If you had an account on Yahoo back in the days of August 2013, then it is most probably one of the 3 billion email accounts that were hacked in one of the biggest data theft feats of that time. It was this particular data hack that forced Yahoo to lower its assets price when it was being sold to Verizon in February 2017 since the buyer lowered the original offer by $350 million.
According to Verizon, Yahoo’s parent company, this massive hack did affect every single Yahoo account holder, but the figure is three times higher than what was previously believed and reported in 2016. In December 2016, Yahoo issued a statement that just 1 billion accounts were compromised in the 2013 data hack. But, later the company initiated a thorough investigation in collaboration with Verizon, law enforcement agencies, and cyber-security firms to identify the full scope of the data breach.
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“The company recently obtained new intelligence and now believes, following an investigation with the assistance of outside forensic experts, that all Yahoo user accounts were affected by the August 2013 theft,” explained Verizon. The company did not provide information about the “outside forensic experts” though.
On Tuesday, Yahoo stated that all the 3 billion accounts on Yahoo, which included Tumblr, Yahoo Email, Flickr, and Fantasy, were hacked after the company became a victim of huge data theft. This is undoubtedly the largest data breach in digital history as far as the size of stolen data is concerned.
It is being speculated that every single account holder is affected by this breach while last year Yahoo claimed that the data hacked includes email addresses, names and passwords only and financial information was not stolen. Still, it is unclear who perpetrated the hack attack against Yahoo back in 2013. In March 2017 HackRead exclusively reported that the stolen data was being sold at the murky network Dark Web.
As per Yahoo, the hacked information didn’t include clear text passwords, bank accounts info and payment card data. However, it is also a fact that outdated security protection and encryption that was easy to be cracked were used for data protection at Yahoo. The data was protected through security questions and backup email IDs. This would make it convenient for hackers to hijack other accounts of affected users who have linked a single email ID with various platforms.
This is not out of the ordinary to obtain detailed information about the number of affected individuals in data breach cases like these after some time has passed. According to Thomas Fischer, Global Security Advocate at Digital Guardian, this is a norm with breaches but those that are conducted on a smaller scale. Still, it is unclear who perpetrated the hack attack against Yahoo back in 2013.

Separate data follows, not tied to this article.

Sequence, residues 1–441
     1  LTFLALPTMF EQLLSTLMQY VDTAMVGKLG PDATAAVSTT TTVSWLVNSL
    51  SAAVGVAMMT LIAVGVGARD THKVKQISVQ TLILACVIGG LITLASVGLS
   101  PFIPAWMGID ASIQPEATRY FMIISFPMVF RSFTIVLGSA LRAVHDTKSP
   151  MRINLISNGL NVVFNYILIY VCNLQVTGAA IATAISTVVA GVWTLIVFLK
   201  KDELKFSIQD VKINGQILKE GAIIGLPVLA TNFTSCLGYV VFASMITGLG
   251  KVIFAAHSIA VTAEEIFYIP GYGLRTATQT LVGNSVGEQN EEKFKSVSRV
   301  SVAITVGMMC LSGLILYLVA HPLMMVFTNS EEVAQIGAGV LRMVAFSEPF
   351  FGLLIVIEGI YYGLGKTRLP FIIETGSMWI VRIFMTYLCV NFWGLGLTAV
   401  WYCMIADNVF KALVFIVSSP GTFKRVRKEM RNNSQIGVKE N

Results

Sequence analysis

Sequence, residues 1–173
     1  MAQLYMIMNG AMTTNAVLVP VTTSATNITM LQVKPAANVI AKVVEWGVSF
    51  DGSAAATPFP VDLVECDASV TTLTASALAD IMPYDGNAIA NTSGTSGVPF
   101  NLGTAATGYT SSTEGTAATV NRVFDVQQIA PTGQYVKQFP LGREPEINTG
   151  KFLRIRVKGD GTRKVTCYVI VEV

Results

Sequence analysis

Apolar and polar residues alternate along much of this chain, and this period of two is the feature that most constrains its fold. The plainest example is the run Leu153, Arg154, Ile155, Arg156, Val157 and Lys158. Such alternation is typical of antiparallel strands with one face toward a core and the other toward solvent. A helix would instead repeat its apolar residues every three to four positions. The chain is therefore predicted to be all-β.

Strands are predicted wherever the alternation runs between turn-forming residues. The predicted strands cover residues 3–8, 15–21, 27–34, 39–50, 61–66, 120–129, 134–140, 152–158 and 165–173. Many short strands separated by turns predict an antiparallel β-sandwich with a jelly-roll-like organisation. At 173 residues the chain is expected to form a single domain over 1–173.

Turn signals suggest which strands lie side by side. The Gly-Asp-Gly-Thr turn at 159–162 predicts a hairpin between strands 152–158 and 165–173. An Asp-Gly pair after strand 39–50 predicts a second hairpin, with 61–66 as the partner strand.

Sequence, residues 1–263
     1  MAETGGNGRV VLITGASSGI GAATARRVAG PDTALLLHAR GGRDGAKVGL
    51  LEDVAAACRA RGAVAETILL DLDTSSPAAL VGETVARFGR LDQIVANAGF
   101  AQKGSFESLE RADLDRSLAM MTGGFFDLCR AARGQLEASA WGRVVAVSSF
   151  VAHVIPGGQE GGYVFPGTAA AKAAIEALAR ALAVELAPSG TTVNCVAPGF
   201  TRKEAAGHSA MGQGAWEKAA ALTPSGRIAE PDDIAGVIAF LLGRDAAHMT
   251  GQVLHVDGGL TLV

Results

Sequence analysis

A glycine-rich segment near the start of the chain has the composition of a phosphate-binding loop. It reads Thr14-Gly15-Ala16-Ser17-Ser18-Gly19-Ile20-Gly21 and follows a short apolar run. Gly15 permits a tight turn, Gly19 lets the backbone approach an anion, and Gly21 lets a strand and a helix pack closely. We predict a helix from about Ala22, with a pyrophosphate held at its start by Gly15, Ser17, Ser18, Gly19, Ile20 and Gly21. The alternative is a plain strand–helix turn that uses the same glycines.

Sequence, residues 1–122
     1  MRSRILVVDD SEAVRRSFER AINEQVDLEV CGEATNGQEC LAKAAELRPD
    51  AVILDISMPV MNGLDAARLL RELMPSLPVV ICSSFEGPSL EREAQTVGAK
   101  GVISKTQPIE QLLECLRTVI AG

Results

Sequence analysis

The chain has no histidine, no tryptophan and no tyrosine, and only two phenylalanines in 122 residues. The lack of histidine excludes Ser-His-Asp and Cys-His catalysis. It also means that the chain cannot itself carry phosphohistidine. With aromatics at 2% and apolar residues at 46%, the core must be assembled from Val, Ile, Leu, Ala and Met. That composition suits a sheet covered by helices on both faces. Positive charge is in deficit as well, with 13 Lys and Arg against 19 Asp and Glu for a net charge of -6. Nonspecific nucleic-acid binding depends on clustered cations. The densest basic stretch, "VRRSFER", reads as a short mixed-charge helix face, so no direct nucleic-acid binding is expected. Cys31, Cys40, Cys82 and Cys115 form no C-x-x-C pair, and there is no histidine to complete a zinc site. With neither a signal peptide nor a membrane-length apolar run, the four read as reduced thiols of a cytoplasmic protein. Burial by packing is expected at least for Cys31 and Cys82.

“The issue here is that account details were compromised without the victims being alerted, leaving them vulnerable to phishing attacks and other forms of social engineering over the last four years. Mass data breaches like this are a treasure trove for malicious attackers. Using the compromised login details, hackers may have attempted to hijack the email accounts to steal more data, or target the victims’ friends, family, and place of work.” said Fischer.
The news has prompted another series of class action lawsuit claims coming from Yahoo account holders and shareholders, which greatly increases problems for the company that is already facing nearly 41 consumer class-action lawsuits in not just US state courts but federal courts as well. However, in this particular case, as per the attorney representing affected Yahoo users John Yanchunis, the federal judge has asked for more evidence and information in order to justify claims of his clients. Yanchunis stated that they have the required facts now, which will provide “mind-numbing” information.
On the other hand, Yahoo official claims that the 3 billion figure also includes accounts that were created but never activated or were briefly used, some were never used. Yahoo is now notifying the additional affected users through email.
Carl Wright, CRO, AttackIQ said that “This is yet again an epic failure. It is time to try something new – seriously, find protection failures before the adversary does. Consumers worldwide and shareholders deserve better. It is one thing to deploy security controls, it is completely another thing to know that they are working correctly. This is why we believe the best defense is a good offensive – continuously testing your security stack the same way the adversary does.”
Yahoo, now known as Oath, has also noted that it has already implemented necessary steps to ensure the protection of its users. In 2016, the year when the data breach was discovered, Yahoo performed the impending password change of all accounts and quashed old security questions and answers.
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